Life As We Know It: March 10, 2014
AS I sat at home confronting another WGTE deadline, I was looking at a can of Diet Coke, a small dish of M&Ms, and this morning’s Blade, and it hit me. I’m guilty of product placement. How ironic. The very thing I’m talking about -- the blatant placement of well known products in movies and on television, I’m doing myself in a radio commentary.
And I don’t get a nickel from those guys for going out of my way to tout their wares. However, nearly everybody else does. You can’t watch a TV drama or sit-com these days, or watch a flick at the multiplex -- without spotting familiar products placed where you can’t miss them. Why use a plain can marked “soda” when you can sell that spot on the table to Pepsi or Mountain Dew?
When the camera gets in close on a laptop we see clearly it’s an Apple. When Ford sponsored a so-called “ad-free” episode of one TV drama, Ford vehicles were used throughout. When it’s time fors the judges to get nasty on “American Idol,” they sip liquid refreshment from their bright red “Coke” cups. Are they really drinking Coke? It doesn’t matter. They’re selling it anyway.
Perhaps no other company has done as good a job as Coca-Cola in “branding” itself into the American consciousness. How many times have you asked a waiter or waitress, without even thinking about it, for a Coke, as though it’s a generic for all cola beverages? If they don’t serve Coke, you’re likely to hear, “Um, is Pepsi OK?”
The point is that there’s a clear distinction between what is obviously paid advertising, say in a newspaper or during a commercial break on TV, and the sometimes not so subtle placement of a product that is supposed to be secondary to the story line. Often the lines are blurred.
I’m OK with a can of soup bearing the likeness of Shrek. Hey, it’s a celebrity endorsement. If it’s good enough for an ogre…
But should it have mattered what the alcoholic beverage of choice was in the movie, “Nights in Rodanthe”? It was Jack Daniels, by the way. Kellogg’s cereals are featured prominently in many movies. Same for Fiji water. Who can forget the exposure FedEx and “Wilson” the soccer ball got in Tom Hanks’ film, “Cast Away”?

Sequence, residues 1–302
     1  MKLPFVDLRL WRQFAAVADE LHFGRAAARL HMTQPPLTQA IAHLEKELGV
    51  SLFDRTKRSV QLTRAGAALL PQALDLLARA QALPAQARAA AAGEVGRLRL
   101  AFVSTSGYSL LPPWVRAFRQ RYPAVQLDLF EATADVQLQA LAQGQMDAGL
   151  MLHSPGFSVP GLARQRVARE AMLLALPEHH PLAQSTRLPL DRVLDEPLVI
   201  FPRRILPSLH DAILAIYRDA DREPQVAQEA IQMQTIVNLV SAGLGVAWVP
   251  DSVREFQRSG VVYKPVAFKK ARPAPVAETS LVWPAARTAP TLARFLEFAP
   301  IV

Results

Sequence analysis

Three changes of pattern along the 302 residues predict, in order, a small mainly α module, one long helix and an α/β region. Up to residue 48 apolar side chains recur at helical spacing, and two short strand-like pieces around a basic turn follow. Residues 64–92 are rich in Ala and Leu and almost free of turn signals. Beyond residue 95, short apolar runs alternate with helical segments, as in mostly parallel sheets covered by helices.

And how should we characterize NASCAR drivers? Aren’t they simply products placed in very fast and very loud cars? Almost every square inch of their uniforms is covered by an advertising message of some sort. I certainly hope those patches are as fire-retardant as their suits.
A Victory Lane celebration at Michigan International Speedway last year featured the following product names or logos on the winning driver and his car: Cheez-It, Sprint, CarQuest, LifeLock, Kellogg’s, Gatorade, MAC Tools, 3M, Dow, and Holley carburetors. What, there was no room for the Beltone hearing aids ad?
Product placement is hardly a new concept. Early television shows in the 1950s featured a girl who danced while wearing a giant cigarette box that left only her legs exposed. I think it was for Old Gold cigarettes. It was supposed to be entertainment, but who are we kidding?
And on the old Texaco Star Theater, host Milton Berle was introduced by a chorus line of gas-station attendants, decked out in crisply pressed uniforms and bow ties, crooning the Texaco jingle: “Oh, we’re the men from Texaco, we work from Maine to Mexico….”